Keep Circulating the Tapes: Extensive use of hit music from different eras has made it prohibitively expensive to release on DVD.note Royalties are cheaper for broadcasting than they are for distribution. It's still heavily shown in syndication in the US at least.
Old Shame: The time Det. Miller fell for a gang member while undercover, resulting in Veronica's conception.
Recycled Script: S3's "Beautiful Little Fool" was remade in practice as S4's "Torn". Both begin with a young woman bringing the case of a long deceased relative, a young woman that was murdered. Both are the team's new record for oldest case reopened, the only case in the series from that decade, and take place in the last year of said decade ("BLF"'s victim is a 1929 flapper, "Torn"'s is a 1919 socialite). In both cases, the clue that solves the crime is provided by an old woman, who was a little girl when the murder was committed, and is the only witness still alive, with every other testimony being provided by books, records, diaries, historians of the era or descendants of the people involved. The perp is long deceased in both (as it could only be realistically) but left a recorded confession. The murder was committed during the arrival of a big historical event that destroyed the fortune of a man related to the victim (a member of the Vanderbilt family that lost his fortune in the Crash of 1929 in "BLF", a beer magnate that went out of business with Prohibition in "Torn").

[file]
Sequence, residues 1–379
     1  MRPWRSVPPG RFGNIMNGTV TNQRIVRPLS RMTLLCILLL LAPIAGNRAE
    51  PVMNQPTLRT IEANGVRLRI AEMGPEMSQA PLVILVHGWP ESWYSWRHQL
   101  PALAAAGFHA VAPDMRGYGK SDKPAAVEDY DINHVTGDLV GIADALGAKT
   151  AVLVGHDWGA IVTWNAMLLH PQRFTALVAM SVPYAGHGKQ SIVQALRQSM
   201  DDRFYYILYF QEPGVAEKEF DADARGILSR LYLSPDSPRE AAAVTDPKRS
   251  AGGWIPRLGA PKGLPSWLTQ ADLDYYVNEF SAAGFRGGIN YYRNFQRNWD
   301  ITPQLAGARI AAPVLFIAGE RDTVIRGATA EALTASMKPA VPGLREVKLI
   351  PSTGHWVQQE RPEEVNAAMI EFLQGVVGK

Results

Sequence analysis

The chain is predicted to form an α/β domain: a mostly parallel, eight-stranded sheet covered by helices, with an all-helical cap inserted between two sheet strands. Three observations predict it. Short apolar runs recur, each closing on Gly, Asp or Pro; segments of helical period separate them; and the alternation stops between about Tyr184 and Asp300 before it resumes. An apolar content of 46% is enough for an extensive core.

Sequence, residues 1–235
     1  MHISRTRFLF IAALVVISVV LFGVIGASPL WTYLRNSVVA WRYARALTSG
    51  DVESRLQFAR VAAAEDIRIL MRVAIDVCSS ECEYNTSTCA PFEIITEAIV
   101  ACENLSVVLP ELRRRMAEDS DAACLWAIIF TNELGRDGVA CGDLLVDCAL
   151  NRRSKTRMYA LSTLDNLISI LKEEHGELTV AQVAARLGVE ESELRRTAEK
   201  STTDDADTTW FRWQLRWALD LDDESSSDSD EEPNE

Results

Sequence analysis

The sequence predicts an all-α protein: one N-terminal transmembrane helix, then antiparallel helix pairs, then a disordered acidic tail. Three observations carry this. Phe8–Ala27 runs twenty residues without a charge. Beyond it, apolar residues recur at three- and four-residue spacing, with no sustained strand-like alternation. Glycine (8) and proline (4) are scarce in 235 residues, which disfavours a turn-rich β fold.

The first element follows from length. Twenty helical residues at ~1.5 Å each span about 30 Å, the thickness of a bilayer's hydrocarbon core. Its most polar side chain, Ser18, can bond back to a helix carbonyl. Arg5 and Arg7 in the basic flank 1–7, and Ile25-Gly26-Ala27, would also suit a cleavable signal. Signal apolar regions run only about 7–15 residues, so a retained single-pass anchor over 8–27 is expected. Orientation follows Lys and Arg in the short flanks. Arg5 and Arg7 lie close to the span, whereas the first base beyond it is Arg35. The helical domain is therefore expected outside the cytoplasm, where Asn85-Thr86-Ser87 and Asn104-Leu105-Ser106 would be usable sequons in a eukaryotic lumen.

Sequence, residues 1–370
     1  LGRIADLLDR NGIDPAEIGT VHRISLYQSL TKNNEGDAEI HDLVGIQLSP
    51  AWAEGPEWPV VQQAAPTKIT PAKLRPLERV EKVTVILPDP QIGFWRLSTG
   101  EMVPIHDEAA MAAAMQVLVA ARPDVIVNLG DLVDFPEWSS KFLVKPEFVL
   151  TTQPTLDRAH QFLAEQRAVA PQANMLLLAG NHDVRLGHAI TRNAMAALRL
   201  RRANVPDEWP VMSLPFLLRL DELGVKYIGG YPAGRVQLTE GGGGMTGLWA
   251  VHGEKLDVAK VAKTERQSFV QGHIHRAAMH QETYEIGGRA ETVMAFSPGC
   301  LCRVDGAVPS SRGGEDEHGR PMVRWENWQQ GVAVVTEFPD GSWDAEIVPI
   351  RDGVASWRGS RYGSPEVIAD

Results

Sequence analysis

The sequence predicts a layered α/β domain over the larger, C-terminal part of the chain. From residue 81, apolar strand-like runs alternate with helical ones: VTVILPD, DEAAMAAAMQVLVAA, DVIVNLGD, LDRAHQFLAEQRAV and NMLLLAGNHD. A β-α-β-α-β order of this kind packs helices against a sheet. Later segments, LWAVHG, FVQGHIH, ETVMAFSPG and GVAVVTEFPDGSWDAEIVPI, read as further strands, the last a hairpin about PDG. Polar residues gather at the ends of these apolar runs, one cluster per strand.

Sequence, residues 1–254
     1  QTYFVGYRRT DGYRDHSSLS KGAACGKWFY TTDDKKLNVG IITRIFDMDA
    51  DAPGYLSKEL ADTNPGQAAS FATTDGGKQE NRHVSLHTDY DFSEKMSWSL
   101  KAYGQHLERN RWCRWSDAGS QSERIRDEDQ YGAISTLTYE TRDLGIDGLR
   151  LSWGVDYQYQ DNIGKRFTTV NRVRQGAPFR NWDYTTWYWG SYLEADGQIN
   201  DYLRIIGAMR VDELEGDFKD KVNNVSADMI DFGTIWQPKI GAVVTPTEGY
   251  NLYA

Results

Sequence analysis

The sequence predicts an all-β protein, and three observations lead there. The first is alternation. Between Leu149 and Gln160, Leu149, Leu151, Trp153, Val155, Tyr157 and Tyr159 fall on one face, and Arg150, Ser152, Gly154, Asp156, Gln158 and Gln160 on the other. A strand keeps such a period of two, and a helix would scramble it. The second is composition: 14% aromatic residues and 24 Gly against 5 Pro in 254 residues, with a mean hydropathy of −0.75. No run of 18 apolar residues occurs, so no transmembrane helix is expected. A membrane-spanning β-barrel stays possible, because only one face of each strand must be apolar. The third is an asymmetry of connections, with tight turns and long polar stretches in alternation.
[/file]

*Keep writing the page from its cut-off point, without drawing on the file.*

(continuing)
Screwed by the Network: A good 70% of episodes start late due to football in the US. They refuse to do anything about it.
Which is amusing because football fans complain about CBS's obsessive Repeating Ad promos during the games themselves.
And if it isn't football, its usually something else...
Cases that took place during the 2000s became more frequent during the final seasons thanks to budget cuts.
The last screw driven into this show was cancellation. It's gone for good now.